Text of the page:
As seen most clearly in FIG. 5, the grid 33 may be comprised of a plurality of longitudinal strips 35 interwoven into a mesh-like structure with a plurality of transversely extending strips 36. The strips 35 and 36 are preferably formed of heat-retractable synthetic filaments or ribbon yarns such as Poly-Bac, a primary polypropylene carpet backing material as produced by Pachogue-Plymouth Corporation, or other thermoplastic materials. The strips 35 and 36 have been internally stressed so that they will shrink, upon application of an appropriate heat or chemical treatment, preferably of the order of 35 percent or more. In the preferred embodiment, the treatment will be the application of heat; however, the invention is not intended to be so limited and the strips 35, 36 may be formed of such materials that they will shrink upon application of chemical treatment.
The apparatus 30 may further include means such as guide rolls 37 for guiding the web 32 and grid 33 into a needle loom 38. The needle loom 38, which is somewhat similar to the needle loom 14 illustrated in FIG. 1, includes a plurality of needles 39 which may be disposed, as seen most clearly in FIG. 6, in longitudinally extending rows, and a backing plate 40 having a plurality of holes 41 formed therein aligned with the needles 39. The needles 39 may also be disposed in other preset patterns to vary the final surface design of the material.
The needle loom 38, which may be of the conventional type such as the Model 6A Fiber-Locker as manufactured by the James Hunter Machine Company of North Adams, Massachusetts, causes the barbed needles 39 to punch spaced groups of fibers 42 of the web 32 into and through the grid 33 in longitudinally disposed rows having a center-to-center distance of approximately 0.5 inches or in patterns other than rows provided that some substantial distance is left between groups of fibers. As seen most clearly in FIG. 7, the
spaced groups of fibers 42 extend through the grid 33 and terminate in tufts 43 thereby securing the web 32 to the grid 33 thus forming a composite laminated structure 44.
The apparatus 30 may further include means such as draw-through rolls 45 and 46 for moving the composite 44 from beneath the needle loom 38 and onto a take-up roll 47 for subsequent processing.
Referring now to FIG. 8, the composite 44 may be guided by a series of rollers 38 through a tank 49 having a bath 50 comprising a 5-10 percent arcylic solution. The acrylic bath 50 is an optional feature in this invention and is intended for the purpose of effecting fiber-to-fiber bonding in the non-woven web 32. The acrylic treatment is not intended to effect any bonding between the web 32 and the grid 33 as in the resin treated fabrics of the prior art and, therefore, the percentage of acrylic substances in the bath 50 need not be so great as to cause any stiffening of the fibers in the web 32. Fiber-to-fiber bonding may be accomplished by compounds other than acrylic and may be accomplished by spraying the fiber surface subsequent to shrinking.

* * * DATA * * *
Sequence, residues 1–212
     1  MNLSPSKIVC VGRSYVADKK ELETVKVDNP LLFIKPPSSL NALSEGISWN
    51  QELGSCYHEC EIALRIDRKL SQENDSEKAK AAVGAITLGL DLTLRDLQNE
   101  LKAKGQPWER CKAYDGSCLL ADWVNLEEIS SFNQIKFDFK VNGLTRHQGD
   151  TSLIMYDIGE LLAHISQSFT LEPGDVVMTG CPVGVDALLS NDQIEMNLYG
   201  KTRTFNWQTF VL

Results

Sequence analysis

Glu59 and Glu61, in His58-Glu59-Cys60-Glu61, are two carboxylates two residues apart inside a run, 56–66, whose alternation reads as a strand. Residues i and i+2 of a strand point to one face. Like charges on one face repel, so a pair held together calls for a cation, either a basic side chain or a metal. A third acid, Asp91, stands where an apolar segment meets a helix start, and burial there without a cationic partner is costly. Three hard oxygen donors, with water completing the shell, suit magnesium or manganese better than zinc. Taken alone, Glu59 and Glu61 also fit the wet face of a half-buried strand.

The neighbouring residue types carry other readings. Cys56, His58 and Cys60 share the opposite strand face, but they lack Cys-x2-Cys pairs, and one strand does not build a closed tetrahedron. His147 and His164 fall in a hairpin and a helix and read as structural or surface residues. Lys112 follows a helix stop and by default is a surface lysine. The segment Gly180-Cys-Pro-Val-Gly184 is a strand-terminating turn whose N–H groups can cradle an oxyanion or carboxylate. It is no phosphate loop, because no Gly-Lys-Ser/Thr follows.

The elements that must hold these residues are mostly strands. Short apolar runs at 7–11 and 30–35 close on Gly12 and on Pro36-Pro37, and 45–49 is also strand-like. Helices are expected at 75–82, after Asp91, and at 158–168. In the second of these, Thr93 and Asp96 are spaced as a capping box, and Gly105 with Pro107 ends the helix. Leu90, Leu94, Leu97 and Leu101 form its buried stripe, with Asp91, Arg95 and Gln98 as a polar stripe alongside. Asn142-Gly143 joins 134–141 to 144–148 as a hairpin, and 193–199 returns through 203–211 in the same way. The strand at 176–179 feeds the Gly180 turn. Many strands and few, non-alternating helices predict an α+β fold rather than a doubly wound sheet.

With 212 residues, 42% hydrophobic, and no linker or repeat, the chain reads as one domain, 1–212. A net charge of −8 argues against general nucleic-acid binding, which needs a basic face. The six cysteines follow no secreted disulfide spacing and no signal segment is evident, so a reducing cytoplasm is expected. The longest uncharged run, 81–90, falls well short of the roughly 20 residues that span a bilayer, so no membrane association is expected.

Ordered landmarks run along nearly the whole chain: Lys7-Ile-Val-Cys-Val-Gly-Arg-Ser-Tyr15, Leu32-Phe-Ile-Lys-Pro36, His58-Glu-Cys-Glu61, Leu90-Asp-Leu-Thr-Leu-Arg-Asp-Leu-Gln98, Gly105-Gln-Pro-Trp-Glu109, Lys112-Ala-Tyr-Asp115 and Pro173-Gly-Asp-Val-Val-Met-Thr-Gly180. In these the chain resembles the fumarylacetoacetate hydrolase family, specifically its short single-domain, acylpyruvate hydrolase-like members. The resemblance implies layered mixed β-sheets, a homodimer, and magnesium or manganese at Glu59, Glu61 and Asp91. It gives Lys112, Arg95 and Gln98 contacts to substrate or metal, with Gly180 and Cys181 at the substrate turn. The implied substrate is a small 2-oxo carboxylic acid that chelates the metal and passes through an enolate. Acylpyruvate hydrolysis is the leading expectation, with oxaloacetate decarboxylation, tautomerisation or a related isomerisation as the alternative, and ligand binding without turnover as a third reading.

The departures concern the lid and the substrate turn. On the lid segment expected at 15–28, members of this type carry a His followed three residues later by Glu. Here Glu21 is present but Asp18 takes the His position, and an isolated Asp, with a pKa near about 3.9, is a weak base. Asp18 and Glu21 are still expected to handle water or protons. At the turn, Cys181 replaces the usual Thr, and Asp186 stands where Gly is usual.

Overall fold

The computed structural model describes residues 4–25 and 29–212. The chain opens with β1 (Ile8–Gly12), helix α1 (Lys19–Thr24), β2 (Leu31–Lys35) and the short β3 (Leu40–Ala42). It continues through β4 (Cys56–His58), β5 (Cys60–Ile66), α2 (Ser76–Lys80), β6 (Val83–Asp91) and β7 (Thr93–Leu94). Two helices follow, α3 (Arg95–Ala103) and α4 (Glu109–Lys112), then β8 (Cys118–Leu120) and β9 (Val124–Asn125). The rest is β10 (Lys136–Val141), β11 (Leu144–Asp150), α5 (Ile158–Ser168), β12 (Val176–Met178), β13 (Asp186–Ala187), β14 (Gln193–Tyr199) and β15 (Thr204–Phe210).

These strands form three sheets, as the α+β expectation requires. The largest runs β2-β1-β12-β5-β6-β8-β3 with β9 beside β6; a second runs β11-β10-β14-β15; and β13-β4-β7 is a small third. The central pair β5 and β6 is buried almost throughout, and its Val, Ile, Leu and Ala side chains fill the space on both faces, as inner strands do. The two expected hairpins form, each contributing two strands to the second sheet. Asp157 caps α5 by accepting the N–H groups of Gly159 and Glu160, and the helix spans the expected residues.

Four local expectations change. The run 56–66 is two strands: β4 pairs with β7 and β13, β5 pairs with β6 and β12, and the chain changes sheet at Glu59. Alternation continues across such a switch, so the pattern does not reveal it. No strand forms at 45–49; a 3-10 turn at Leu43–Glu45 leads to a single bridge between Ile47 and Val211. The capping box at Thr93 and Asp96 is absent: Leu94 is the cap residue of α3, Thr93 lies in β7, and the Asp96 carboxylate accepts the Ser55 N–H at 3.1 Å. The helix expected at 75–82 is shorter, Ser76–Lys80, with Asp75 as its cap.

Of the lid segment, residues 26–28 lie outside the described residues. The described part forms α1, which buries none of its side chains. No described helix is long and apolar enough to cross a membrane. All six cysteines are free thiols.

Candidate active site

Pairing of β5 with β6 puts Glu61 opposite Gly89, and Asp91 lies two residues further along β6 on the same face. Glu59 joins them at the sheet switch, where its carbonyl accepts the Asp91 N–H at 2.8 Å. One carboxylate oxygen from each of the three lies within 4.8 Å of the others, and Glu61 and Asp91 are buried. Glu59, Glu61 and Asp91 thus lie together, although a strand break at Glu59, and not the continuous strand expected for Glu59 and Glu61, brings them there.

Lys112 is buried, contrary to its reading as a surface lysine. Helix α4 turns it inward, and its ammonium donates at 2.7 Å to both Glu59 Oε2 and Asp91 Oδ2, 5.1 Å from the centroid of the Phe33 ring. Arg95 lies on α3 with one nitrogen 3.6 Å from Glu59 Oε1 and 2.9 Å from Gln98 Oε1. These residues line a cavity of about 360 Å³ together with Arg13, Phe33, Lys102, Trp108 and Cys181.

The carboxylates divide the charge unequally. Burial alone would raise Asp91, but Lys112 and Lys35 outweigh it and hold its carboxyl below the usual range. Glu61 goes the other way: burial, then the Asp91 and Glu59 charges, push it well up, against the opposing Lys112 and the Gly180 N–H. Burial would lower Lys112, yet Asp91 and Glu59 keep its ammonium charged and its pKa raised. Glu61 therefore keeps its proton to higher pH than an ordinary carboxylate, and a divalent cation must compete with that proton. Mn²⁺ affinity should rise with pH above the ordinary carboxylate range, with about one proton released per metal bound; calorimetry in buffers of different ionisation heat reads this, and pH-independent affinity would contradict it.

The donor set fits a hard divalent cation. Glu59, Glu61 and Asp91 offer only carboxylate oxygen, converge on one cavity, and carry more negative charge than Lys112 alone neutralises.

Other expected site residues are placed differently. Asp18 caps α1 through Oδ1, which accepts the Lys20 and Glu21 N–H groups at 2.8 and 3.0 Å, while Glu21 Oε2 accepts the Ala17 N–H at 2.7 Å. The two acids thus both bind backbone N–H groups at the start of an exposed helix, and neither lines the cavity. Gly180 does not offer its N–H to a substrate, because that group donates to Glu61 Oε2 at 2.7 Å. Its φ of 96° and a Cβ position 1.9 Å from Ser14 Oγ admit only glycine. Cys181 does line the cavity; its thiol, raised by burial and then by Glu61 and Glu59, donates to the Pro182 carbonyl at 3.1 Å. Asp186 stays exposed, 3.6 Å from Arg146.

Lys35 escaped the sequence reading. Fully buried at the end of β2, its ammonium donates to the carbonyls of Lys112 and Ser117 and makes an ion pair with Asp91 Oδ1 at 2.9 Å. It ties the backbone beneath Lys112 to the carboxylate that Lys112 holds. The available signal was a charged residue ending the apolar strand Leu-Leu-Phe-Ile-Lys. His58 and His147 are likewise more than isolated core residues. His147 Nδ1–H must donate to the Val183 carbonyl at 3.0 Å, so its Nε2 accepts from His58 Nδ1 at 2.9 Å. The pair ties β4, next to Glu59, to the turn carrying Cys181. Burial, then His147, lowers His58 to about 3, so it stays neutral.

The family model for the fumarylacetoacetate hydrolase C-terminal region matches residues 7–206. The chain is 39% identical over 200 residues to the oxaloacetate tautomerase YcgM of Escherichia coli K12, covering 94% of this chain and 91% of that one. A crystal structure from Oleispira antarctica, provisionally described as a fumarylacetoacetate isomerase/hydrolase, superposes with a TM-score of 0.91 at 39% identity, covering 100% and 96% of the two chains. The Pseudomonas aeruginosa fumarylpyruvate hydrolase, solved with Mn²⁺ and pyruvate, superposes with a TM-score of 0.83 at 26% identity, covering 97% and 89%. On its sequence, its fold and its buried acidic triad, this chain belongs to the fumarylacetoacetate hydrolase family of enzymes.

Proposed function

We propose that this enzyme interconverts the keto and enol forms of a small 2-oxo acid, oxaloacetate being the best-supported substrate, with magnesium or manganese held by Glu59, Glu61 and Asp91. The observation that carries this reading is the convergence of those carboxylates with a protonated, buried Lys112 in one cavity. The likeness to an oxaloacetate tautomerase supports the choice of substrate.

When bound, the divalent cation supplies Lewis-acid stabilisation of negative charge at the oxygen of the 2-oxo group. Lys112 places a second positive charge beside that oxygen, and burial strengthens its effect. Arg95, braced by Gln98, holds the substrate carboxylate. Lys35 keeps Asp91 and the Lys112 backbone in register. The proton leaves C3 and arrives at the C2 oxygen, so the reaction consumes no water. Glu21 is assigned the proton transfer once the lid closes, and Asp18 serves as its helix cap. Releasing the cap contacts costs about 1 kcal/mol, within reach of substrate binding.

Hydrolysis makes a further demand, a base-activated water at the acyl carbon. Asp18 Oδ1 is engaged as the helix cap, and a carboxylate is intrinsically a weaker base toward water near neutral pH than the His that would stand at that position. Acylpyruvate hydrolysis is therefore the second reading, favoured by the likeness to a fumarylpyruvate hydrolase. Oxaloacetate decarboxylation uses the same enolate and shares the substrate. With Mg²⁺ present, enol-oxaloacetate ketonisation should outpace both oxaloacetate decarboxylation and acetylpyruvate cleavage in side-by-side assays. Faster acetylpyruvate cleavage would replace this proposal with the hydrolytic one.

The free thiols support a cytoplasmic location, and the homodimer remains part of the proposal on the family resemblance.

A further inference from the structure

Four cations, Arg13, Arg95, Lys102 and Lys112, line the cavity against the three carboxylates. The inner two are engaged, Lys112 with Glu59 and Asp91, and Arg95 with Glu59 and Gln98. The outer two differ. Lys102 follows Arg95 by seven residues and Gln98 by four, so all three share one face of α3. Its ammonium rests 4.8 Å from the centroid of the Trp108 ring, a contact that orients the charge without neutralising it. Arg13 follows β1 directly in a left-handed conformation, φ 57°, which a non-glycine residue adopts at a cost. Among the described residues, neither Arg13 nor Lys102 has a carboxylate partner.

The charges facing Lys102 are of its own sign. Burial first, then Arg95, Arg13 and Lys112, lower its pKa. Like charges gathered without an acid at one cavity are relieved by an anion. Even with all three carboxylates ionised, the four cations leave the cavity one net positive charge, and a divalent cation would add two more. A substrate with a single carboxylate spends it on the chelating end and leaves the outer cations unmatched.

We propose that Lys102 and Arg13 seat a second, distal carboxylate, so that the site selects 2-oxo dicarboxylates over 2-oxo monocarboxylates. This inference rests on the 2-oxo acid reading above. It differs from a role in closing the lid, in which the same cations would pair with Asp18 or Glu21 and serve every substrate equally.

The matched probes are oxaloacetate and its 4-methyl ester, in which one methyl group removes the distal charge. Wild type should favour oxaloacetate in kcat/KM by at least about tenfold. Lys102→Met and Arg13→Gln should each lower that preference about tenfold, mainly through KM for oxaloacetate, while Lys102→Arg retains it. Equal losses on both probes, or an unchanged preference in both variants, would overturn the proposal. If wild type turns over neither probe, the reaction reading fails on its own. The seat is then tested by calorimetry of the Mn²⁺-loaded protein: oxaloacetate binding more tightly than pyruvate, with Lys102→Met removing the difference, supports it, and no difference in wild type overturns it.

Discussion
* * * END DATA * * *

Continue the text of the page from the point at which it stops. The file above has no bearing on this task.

After passing between the squeeze rollers 51 and 52, the composite 44 is fed into a shrink oven 53. The shrink oven 53 includes suitable heating means such as a hot air circulating device 54. Because the composite 44, due to the heat-retractable characteristics of the grid 33, will tend to shrink in both the longitudinal and transverse dimensions, the shrink oven is provided with a tapered pin tenter conveyor 55 which allows controlled shrinkage of the composite 44 in the transverse dimension, while restraining uncontrolled shrinkage in the longitudinal dimension.
The conveyor 55 includes two chains 56, having pins 57 disposed thereon, entrained over drive sprockets 58. In a preferred embodiment, the chains 56 at the entrance end 59 of the oven 53 are separated by a distance R, and at the exit end 60 are separated by a distance S. The distance R corresponds to the width or transverse dimension of the composite 44 prior to entry into the oven 53, and the distance S corresponds to the width to which the composite 44 is intended to be shrunk. The spacing between the chains 56 may be varied at either end of the oven 53 by moving the sprockets 58 in or out along screws 61. At the outlet end 60 each of the screws 61 may be attached to a pivot linkage 62 which permits the sprockets 58 at the outlet end 60 to be rotated about pivot pins 63 as they are moved inwardly thus maintaining an aligned relationship with the sprockets 58 at the inlet end 59 so that the chains 56 will not tend to become disengaged from the sprockets 58.
Referring specifically now to FIG. 9, there is illustrated a plurality of lines 64 which represent longitudinal rows defined by the points at which the web 32 is stitched to the grid 33 to form the composite 44. The dimension R represents the distance between two of such rows prior to shrinkage in the transverse direction and the dimension S represents the same distance subsequent to shrinkage.
In operation, the composite 44 is fed into the shrink oven 53 and fastened to the pins 57 of the conveyor 55 at the inlet end 59. The composite 44 is advanced into the oven 53, which has been heated to a temperature sufficient to shrink the grid 33 (approximately 330350F), and at a forward speed of approximately 10 yards per minute. Of course, the speed is variable depending upon the temperature, length of oven, desired amount of shrinkage etc. The pins 57 serve to restrain the composite 44 from shrinking in the length or longitudinal dimension, while the tapered disposition of the chains 56 from the inlet 59 to the outlet 60 permits controlled shrinkage in the width or transverse dimenslon.